The story of Black History Month begins in 1915, half a century after the Thirteenth Amendment abolished slavery in the United States. That September, the Harvard-trained historian Carter G. Woodson and the prominent minister Jesse E. Moorland founded the Association for the Study of Negro Life and History (ASNLH), an organization dedicated to researching and promoting achievements by black Americans and other peoples of African descent. This group sponsored a national Negro History week in 1926, choosing the second week of February to coincide with the birthdays of Abraham Lincoln and Frederick Douglass.
The Old 96 District celebrates Black History Month as a way to honor the memory of Dr. Benjmain Mays and to remember an educational institution that had a major impact on many Africian Americans.
Many historians believe that if it weren’t for Dr. Benjamin E. Mays, the world might never have known about Dr. Martin Luther King Jr. The Greenwood, South Carolina native, Benjamin Mays, is credited with mentoring and inspiring the future civil rights leader during King’s years at Atlanta’s Morehouse College, where Mays served as president. The quieter Mays is surely not as famous as King, but Mays’ impact on American history reverberates more than 30 years after his death. At the Dr. Benjamin E. Mays Historical Preservation Site in Greenwood, South Carolina, visitors get a look back to the time of Mays childhood. In addition to the cabin where Dr. Mays lived, the site also features a one-room schoolhouse similar to the one Mays attended and a museum with photographs, excerpts from his speeches and other artifacts. Mays was 22 years old when he finally graduated from high school and then attended Bates College in Maine to prove to himself that he was the intellectual equal of other people. Mays went on to become a math teacher and pastor, and in 1934 was named Dean of Religion at Howard University. He accepted the presidency of Morehouse College, known today as Morehouse University, in 1940. The Dr. Benjamin E. Mays Historical Preservation Site in Greenwood is open by appointment and there is no admission charge. Call 864-229-2960 or visit www.mayshousemuseum.org.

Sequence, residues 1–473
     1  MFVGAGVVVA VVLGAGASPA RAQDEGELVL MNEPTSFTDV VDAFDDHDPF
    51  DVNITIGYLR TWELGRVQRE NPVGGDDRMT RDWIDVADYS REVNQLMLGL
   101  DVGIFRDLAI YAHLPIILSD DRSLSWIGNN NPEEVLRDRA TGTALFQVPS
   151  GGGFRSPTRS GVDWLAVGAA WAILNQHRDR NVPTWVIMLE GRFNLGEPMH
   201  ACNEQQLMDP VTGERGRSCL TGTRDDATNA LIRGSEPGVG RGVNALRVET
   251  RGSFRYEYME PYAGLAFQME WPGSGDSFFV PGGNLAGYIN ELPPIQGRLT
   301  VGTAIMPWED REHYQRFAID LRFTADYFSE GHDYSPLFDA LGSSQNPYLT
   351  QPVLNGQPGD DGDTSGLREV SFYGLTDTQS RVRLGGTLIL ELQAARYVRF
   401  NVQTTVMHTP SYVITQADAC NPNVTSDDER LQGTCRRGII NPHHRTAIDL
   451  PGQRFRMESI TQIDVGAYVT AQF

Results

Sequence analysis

To the best of our knowledge, the information contained herein is accurate & reliable as of the date of publication; however, we do not assume liability for the accuracy & completeness of information. This is not an all-inclusive listing.